Jermaine is an Assistant Professor of Political Science at Howard University. His primary research interest focuses on the nexus between emergency powers and criminal justice in colonial and postcolonial Jamaica. His work has been published in the Canadian Journal of Latin American and Caribbean Studies and Political Studies Review. He holds a Ph.D. from Florida International University.
States of exception as paradigms of government: emergency and criminal justice in Jamaica?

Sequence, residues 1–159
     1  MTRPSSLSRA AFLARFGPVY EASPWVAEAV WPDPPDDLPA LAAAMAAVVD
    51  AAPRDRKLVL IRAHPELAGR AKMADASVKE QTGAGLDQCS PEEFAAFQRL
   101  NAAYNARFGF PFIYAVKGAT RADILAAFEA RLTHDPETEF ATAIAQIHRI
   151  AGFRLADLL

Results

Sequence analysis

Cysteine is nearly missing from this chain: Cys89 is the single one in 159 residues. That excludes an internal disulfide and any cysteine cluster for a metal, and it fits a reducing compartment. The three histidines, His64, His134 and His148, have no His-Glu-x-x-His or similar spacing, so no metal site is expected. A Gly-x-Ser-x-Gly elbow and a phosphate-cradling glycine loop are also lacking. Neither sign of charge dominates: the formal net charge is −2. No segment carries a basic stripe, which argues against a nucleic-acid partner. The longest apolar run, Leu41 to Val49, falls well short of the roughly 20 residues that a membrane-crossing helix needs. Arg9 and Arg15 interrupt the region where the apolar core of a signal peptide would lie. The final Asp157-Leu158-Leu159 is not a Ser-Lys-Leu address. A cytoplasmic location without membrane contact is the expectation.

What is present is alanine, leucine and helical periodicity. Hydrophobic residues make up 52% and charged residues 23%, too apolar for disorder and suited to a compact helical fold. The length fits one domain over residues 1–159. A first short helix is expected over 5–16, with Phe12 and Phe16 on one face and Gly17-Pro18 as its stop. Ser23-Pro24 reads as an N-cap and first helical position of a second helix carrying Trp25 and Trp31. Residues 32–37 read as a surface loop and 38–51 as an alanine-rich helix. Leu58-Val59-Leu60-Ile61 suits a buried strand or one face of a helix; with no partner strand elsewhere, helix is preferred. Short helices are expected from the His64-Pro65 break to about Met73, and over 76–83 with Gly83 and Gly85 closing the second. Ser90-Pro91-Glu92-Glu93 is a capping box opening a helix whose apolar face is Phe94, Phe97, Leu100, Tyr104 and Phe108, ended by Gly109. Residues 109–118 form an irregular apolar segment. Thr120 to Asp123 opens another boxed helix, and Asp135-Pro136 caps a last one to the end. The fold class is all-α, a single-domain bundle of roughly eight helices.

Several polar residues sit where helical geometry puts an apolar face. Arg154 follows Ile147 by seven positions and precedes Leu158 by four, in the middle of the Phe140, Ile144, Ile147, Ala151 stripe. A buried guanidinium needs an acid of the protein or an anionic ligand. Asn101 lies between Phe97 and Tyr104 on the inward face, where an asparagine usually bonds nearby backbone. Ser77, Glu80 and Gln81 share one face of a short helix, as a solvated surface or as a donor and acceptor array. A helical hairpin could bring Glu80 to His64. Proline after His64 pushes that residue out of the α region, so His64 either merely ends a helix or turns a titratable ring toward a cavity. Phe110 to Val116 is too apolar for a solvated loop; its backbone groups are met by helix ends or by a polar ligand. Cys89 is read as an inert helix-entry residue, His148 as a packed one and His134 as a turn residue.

Emergencies/exceptions are presumed to be disruptive events which are inherently dangerous to the normal workings of a nation-state. Declarations of emergency by governments of all types around the world to deal with a variety of crises have prompted Italian political philosopher Giorgio Agamben to characterize them as “the dominant paradigm of government” (2005). This paper explores the Jamaican government’s penchant for using emergency powers to curb high homicide rates. During 2017–2020, Jamaica has declared and operated several States of Emergencies (SOEs) and Zones of Special Operations (ZOSOs) to address what are usually considered ordinary criminal justice matters. In this paper, I argue that the resulting anomalies, such as arbitrary plus extended detentions and internal extraordinary renditions, have placed Jamaica in a quasi-permanent “state of exception” in which the constitutional rights of some citizens have been compromised in the name of state security. This paper contributes to the growing literature on how blurry the lines between norm and emergency/exception have become across different global jurisdictions.